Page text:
Made from marine grade aluminium, this product is highly durable, with its PVDF architectural paint finish ensuring UV stability and colour retention. It is also a sustainable option that is 100 percent recyclable.

Revisiting a traditional choice: Brick

Not to be forgotten is brick, a traditional choice that has been coming back into favour in recent years.

Kaz Tower is a striking example of a modern-yet-traditional commercial and residential building.

Designed by Tony Owen Partners, Kaz Tower is a 14-storey tower surrounded by heritage buildings in urban Sydney.

There were challenges from the start, with strict heritage requirements from the City of Sydney. One of those requirements was to build a brick podium for the first three floors of the building, considering the Kaz Tower would adjoin several historic brick buildings.

With the architect simultaneously wanting a glass façade that would maximise sunlight through each street-front window (a challenge in Sydney’s commercial centre), the design of Kaz Tower required the use of an innovative parametric design technique. 

“At different times of the day the sun hits different parts of the building,” says Tony Owen, director of Tony Owen Partners.

“So [using parametric design], we angled the windows in each part of the building according to where the light was coming from at a certain time of the day. And we ended up with a building that had patterned glazing where every window was at a different angle, because the different height would get sun at different times, and at the different times, the sun would have a different angle.”

The addition of a three-storey brick podium and side brick facade to the angled red, yellow and white glass facade made for a highly unique design. While traditional face bricks were selected to construct the podium, a brick inlay facade was the system of choice for the side walls.

Choosing a brick product was not easy, as it was crucial to ensure visual continuity across the podium and facade. In the end, the architects chose the Iron Mountains bricks and brick tiles from Robertson Facade Systems.

“We just couldn’t find a brick tile in an appropriate colour,” says Marianna Mioduszewski, director of Tony Owen Partners.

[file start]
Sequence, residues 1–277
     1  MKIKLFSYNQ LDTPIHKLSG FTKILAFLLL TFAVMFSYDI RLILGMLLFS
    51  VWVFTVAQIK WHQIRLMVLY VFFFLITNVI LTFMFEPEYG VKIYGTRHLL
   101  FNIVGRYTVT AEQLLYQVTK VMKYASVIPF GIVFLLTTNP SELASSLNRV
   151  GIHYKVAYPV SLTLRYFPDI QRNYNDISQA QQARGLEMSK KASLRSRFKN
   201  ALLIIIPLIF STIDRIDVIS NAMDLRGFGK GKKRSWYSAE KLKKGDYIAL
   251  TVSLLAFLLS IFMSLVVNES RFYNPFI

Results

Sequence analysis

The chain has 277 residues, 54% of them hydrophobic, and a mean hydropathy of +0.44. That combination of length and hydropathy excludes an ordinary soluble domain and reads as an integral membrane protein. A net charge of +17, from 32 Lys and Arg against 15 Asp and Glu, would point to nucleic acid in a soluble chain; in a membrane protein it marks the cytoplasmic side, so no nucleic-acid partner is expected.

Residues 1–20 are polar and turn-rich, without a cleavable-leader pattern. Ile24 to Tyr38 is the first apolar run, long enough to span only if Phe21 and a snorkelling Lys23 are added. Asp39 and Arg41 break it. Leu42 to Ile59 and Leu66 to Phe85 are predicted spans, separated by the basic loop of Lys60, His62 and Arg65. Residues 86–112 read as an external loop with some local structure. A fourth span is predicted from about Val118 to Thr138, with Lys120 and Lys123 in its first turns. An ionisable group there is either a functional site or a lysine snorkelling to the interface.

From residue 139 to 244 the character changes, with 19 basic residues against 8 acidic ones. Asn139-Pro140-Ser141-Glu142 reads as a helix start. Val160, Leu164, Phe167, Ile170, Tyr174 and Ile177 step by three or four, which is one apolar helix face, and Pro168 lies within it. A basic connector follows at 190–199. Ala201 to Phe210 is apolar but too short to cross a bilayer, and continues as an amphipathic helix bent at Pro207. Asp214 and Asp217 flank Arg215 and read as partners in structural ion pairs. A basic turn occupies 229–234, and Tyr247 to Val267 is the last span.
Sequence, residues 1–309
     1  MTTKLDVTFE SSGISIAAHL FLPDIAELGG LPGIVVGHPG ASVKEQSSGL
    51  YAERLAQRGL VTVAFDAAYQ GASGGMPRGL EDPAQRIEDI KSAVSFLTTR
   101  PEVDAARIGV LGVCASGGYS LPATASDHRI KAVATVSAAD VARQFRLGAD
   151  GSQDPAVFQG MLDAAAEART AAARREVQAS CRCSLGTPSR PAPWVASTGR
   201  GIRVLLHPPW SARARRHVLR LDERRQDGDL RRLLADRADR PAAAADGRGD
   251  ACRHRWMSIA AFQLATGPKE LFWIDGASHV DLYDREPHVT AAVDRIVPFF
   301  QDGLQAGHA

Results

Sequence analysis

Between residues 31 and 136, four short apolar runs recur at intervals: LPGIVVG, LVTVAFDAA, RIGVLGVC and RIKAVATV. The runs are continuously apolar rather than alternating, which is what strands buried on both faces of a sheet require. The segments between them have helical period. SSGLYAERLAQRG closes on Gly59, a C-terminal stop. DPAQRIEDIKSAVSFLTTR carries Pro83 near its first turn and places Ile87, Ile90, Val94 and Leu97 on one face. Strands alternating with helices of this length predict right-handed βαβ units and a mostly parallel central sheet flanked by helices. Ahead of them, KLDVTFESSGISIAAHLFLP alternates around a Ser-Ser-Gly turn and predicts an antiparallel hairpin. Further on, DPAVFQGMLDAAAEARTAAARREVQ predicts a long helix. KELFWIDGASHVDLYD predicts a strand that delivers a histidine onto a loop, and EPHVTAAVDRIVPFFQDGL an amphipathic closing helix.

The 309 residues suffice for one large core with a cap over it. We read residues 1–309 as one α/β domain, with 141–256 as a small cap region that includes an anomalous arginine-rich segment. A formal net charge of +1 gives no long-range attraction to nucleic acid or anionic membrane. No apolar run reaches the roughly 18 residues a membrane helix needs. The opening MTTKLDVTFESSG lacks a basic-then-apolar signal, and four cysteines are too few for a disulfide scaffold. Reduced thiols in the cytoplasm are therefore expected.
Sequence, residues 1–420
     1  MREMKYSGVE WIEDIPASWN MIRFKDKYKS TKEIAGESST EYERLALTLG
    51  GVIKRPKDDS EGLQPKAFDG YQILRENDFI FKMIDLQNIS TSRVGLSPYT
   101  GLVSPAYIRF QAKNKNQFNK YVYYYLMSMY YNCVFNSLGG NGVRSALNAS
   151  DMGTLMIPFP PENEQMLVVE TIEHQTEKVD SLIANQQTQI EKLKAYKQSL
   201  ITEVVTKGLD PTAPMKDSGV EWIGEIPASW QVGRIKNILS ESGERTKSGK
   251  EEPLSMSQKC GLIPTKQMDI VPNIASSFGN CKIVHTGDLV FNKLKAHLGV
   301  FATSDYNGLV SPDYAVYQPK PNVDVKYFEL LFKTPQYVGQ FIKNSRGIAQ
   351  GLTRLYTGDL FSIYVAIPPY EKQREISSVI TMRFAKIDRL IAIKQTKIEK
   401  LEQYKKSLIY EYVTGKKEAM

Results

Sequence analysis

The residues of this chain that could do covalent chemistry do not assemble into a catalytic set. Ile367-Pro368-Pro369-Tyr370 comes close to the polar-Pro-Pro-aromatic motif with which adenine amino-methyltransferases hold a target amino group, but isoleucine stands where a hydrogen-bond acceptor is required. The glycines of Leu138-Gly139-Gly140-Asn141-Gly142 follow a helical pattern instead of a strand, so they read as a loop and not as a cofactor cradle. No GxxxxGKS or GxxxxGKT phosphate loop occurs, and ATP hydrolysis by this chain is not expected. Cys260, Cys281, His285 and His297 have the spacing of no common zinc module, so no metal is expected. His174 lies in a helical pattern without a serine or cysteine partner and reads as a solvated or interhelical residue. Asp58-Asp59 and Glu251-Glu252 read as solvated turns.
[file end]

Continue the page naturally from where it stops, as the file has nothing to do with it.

“We had many samples that did not satisfy anyone. Then Robertson’s Building Products came up with a solid brick and brick tile, which was extremely attractive for us. So, when we found the same face, it was like, that’s it. And colour-wise, it was comparable to the desired look because it was dark – a grey/brown – and not a uniform colour on the face, which was very attractive as well.”

The next challenge was figuring out how to combine the angled facade with the bricks.

“We thought putting the side façade together would be very difficult, but Hanson Precast suggested Robertson Facade Systems’ Brick Inlay,” says Mioduszewski.

“We went to the factory to see how individual panels are formed and shaped and gained a lot of confidence that these panels would be well done. So, we were very confident from day one, and they have proven that it’s definitely the way to go.”

According to Robertson Facade Systems, Brick Inlay is a solution that involves placing thin brick, porcelain or stone tiles into precast concrete panels, to create the look and feel of a traditional brick facade or wall with the efficiencies and benefits of precast concrete. The panels are then delivered on site, ready for construction.

The benefit of this product that it speeds construction time which can in turn significantly reduce construction costs. The product also allows you to customise any pattern and texture you need for your facade, efficiently and cost-effectively.


Robertson Facade System

Britton Timbers

HVG Facades 


Image: Kaz Tower / Tony Owen Partners